The party founded by independence activist Andy Chan is the first political party to be outlawed in the city's history. Police had sought a ban on the outfit in July, citing "national security" concerns.
The Hong Kong government on Monday banned a political party advocating independence from China, citing national security concerns.
The Hong Kong National Party (HKNP), founded by independence activist Andy Chan, is the first political party to be banned in Hong Kong since its handover from British to Chinese rule in 1997.
Jeffie Lam, a journalist with the South China Morning Post newspaper, said on Twitter the decision by the city's security chief John Lee came just 10 days after Chan's party submitted a reply, arguing why it should not be outlawed.
Police had sought a ban on the political party in July, citing "national security" concerns.
Chan said he would not immediately comment on the decision.
The Hong Kong National Party, which has only a few dozen members, was founded after the pro-democracy "Umbrella Movement" protests in 2014.
Hong Kong has a separate political and legal system from China under the "One Country, Two Systems" principle and enjoys a high degree of autonomy and more freedoms. Critics allege, however, that this special status is being eroded.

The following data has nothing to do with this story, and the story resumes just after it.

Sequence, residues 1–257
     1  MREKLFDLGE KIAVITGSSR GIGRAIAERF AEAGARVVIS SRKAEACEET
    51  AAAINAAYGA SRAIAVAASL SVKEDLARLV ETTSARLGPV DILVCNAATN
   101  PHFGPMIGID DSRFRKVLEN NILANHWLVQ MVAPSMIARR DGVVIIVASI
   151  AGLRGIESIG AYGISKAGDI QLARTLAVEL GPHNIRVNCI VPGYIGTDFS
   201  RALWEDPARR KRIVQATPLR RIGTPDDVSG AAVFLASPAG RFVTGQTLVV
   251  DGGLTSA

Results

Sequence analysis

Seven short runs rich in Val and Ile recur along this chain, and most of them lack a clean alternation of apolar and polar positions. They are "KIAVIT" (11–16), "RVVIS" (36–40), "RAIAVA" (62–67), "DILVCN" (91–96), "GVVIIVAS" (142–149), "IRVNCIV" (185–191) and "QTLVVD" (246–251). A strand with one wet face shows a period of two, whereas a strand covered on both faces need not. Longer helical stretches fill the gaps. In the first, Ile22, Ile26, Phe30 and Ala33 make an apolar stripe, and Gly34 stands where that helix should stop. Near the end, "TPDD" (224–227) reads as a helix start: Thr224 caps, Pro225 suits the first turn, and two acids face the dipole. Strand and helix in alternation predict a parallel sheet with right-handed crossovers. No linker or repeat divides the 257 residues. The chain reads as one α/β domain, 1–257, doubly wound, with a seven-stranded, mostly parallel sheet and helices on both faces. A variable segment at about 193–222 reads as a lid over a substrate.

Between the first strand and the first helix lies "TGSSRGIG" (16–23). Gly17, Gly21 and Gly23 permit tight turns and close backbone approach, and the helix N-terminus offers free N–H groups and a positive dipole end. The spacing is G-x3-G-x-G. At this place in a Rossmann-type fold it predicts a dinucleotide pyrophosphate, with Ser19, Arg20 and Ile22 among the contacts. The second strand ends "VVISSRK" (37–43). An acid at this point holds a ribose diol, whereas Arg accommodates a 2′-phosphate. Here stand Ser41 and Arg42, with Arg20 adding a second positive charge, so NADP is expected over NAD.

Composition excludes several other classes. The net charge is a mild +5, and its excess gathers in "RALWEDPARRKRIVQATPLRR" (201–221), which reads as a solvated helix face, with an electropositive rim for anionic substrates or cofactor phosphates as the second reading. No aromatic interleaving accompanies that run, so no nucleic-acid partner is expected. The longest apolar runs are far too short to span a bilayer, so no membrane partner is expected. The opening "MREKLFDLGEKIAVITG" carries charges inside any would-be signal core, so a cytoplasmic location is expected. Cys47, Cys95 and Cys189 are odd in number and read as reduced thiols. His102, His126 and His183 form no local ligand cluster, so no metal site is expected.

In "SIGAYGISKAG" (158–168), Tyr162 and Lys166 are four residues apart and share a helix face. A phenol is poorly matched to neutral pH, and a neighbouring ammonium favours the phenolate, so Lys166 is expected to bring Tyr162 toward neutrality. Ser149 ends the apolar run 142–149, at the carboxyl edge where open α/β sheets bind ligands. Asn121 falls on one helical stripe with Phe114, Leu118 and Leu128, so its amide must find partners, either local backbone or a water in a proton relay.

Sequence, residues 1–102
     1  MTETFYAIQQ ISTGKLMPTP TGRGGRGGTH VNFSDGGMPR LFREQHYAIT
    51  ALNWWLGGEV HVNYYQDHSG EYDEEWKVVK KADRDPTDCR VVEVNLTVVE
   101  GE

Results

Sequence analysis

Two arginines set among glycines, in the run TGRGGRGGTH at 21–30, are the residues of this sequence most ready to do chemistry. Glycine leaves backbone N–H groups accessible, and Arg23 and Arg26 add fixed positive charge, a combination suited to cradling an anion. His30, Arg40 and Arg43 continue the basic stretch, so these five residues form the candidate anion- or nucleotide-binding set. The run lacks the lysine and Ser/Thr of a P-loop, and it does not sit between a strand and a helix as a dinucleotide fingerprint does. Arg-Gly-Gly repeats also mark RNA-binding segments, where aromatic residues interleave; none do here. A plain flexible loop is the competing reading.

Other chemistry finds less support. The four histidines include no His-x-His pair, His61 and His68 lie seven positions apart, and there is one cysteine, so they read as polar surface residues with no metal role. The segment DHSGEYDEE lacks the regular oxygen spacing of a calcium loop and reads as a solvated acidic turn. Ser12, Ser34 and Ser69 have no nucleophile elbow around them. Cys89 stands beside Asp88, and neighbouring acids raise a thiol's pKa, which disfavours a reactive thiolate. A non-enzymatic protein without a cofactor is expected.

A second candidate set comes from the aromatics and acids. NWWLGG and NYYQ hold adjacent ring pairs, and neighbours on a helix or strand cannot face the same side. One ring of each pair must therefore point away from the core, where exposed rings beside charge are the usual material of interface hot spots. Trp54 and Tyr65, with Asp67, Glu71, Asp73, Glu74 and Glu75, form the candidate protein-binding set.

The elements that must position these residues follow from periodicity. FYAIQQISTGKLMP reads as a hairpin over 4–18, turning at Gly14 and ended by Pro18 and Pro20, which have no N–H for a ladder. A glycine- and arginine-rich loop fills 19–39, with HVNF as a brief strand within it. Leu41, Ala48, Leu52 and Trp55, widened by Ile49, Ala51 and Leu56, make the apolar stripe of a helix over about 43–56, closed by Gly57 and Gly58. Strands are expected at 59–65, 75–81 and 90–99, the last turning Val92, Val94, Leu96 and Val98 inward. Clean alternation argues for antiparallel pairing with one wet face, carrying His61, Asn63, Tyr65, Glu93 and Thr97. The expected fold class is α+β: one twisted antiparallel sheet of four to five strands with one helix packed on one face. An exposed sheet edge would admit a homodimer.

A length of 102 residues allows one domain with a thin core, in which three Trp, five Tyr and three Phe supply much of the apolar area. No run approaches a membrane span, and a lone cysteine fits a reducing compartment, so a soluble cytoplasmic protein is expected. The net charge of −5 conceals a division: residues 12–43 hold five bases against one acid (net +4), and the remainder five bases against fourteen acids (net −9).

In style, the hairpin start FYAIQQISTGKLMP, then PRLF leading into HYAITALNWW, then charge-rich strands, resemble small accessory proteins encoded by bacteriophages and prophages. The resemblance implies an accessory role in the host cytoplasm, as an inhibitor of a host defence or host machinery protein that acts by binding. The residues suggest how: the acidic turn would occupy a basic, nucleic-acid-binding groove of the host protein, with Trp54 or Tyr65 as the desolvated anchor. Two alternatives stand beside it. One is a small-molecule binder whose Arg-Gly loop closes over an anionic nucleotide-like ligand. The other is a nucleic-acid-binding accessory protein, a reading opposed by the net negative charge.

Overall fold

Calls for independence emerged after the 2014 protests that failed to pressure Beijing to allow full democracy in the city.
But the movement for freedom has not managed to make much headway in the face of the Hong Kong government's efforts to muzzle the pro-independence sentiment.
Leading independence activists, including Chan, have since been blocked from standing for office and others disqualified from the legislature.
Independence activist Edward Leung was jailed for six years in June on rioting charges after clashes with police in 2016.
ap/msh (dpa, Reuters, AFP)